By Keishel A. Williams
AMSTERDAM — “The idea is to bring back the people from the Caribbean, to use the festival as a gateway to find their way back to West Africa.” Suriname-born Gilo Koswal and his Nana Mbroh Foundation are taking Kwaku Summer Festival – a summer festival that originated in Amsterdam Southeast– to Ghana in October for the first time. Kwaku Festival Ghana will take place at Efua Sutherland Children’s Park in Accra, Ghana from October 18 to November 3.
Koswal, a former program manager of Kwaku Festival Amsterdam, decided this year was the right time to introduce the festival to the African country after the president of Ghana announced that this was the “Year of the Return.”
“A lot of people are interested in going to Ghana or to West Africa but they don’t do it,” Koswal explained over the weekend. “They talk about it; they think about it but they don’t make the first step. We hope they do with this festival.”
Kwaku Festival Ghana will highlight food, music, culture, and fashion that will help visitors from the African diaspora recognize the homogeneity that runs between Ghana and the Caribbean. Attendees can expect a mix of music like reggae (Jamaica), highlife (Ghana), kaseko (Suriname), tambu (Antilles), and more that will demonstrate how the “basic style of these sounds are recognized by everyone,” Koswal said.
The festival will feature the musical band Pasensi Famiri of Suriname and hope to welcome the spoken word artist Onias Landveld, and Surinamese DJ Splashmaster Gilly to the bill. Other fun activities such as old children’s games that are usually played in the Caribbean and Ghana will also be featured to showcase their similarities. “I see some game in Ghana where they draw squares in the sand,” Koswal explained. “They do it in Suriname and I saw it in Ghana.”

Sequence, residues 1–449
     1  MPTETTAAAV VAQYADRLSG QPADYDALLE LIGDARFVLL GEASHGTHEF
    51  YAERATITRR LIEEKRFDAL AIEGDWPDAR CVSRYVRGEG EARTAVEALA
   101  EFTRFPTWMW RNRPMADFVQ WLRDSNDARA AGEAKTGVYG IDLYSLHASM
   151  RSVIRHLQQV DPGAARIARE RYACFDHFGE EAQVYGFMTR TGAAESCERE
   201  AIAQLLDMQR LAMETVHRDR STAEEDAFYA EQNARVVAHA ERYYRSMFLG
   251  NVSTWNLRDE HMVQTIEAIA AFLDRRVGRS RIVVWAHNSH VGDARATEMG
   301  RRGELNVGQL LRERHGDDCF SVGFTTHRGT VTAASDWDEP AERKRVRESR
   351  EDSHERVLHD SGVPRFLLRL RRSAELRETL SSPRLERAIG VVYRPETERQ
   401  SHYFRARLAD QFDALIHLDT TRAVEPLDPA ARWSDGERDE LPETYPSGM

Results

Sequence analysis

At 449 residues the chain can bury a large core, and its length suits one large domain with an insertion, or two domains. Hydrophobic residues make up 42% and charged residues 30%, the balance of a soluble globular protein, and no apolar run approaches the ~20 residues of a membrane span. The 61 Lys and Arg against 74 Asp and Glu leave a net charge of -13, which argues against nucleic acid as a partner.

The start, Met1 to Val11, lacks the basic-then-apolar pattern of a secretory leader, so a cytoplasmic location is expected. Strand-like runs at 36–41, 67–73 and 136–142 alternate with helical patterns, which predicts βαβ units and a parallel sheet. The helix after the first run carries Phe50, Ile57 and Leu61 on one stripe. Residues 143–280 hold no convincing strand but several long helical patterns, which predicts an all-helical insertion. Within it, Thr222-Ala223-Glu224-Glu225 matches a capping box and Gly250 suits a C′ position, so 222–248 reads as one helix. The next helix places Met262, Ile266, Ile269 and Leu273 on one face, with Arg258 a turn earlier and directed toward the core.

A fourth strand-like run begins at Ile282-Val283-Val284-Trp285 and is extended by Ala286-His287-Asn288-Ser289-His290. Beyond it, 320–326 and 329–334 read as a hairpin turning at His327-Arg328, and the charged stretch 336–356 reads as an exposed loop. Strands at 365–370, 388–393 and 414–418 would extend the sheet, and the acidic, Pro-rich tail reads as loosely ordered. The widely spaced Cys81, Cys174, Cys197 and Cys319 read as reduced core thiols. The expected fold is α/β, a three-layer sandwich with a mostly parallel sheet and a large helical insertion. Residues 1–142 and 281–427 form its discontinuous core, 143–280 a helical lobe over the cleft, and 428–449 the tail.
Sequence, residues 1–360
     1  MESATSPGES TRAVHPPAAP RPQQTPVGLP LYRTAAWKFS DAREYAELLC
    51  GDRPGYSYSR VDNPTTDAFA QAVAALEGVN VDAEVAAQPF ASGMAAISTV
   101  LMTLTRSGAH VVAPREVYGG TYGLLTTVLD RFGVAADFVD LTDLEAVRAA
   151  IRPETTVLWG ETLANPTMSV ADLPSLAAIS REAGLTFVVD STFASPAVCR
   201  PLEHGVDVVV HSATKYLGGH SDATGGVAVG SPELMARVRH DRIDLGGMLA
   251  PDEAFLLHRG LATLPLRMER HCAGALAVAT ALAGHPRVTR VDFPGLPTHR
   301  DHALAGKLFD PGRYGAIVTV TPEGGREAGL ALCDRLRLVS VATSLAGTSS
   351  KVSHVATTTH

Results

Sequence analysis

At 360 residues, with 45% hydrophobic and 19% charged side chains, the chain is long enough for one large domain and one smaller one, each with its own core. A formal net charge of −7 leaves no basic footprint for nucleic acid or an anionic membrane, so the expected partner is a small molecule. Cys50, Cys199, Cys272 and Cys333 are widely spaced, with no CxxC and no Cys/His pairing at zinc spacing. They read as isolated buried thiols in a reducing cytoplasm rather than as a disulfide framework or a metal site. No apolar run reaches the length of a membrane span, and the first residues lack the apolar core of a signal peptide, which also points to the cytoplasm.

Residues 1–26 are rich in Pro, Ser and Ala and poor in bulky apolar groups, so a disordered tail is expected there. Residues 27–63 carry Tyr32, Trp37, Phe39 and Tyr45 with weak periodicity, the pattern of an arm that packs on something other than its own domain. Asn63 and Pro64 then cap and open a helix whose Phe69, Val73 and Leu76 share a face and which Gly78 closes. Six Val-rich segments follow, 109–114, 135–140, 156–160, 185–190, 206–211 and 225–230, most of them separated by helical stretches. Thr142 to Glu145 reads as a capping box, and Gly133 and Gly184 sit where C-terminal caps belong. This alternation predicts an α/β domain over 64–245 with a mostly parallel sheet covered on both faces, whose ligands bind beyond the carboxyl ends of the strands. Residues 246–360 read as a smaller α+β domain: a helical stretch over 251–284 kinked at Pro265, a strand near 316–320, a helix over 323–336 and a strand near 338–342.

For this edition of Kwaku Festival Ghana, the focus is getting people from Suriname and the Netherlands to travel to Africa while future editions will extend the marketing to other Caribbean and European countries. However, everyone is encouraged to attend.
This year’s festival theme is “The Door of Return,” a nod to The Door of No Return from the House of Slaves where millions of Africans were shipped from as slaves never to return to African soil again. The festival is a way of bringing the diaspora home.
“That door is being our door of return, because not only do we come back, but we also bring along new skill sets we have acquired and the new identities that we have; but we still come back as children from the Motherland,” said Koswal. “We hope that on the other side of the door the people that stayed on the continent are waiting for us to welcome us back and embrace us.”
Koswal suggests people should take the trip to Ghana for the festival to learn about their history and understand that African history extends beyond slavery. In addition to the weekend festival entertainment, people can also take a tour of Ghana during the week. The tour is meant to create an emotional and spiritual connection to the country and its history. Depending on which trip package is purchased, visitors can be treated to “singing, dancing, storytelling, and libations” as part of their tour if they choose to have a deeper connection to Ghana. The Kwaku Festival Ghana website provides three packages to choose from for the trip.
“It is my responsibility to make you see and feel your history and that of our forefathers,” said Koswal. “I cannot bring you to dance and sing and enjoy being at the festival, without the emotional part.”
He wants the entire diaspora to have the opportunity to experience the Motherland firsthand by building this bridge between Ghana and the Caribbean, particularly Suriname. “Africa is not as bad as we hear. We hear the bad things, but we do not hear the good things; go and see for yourself.”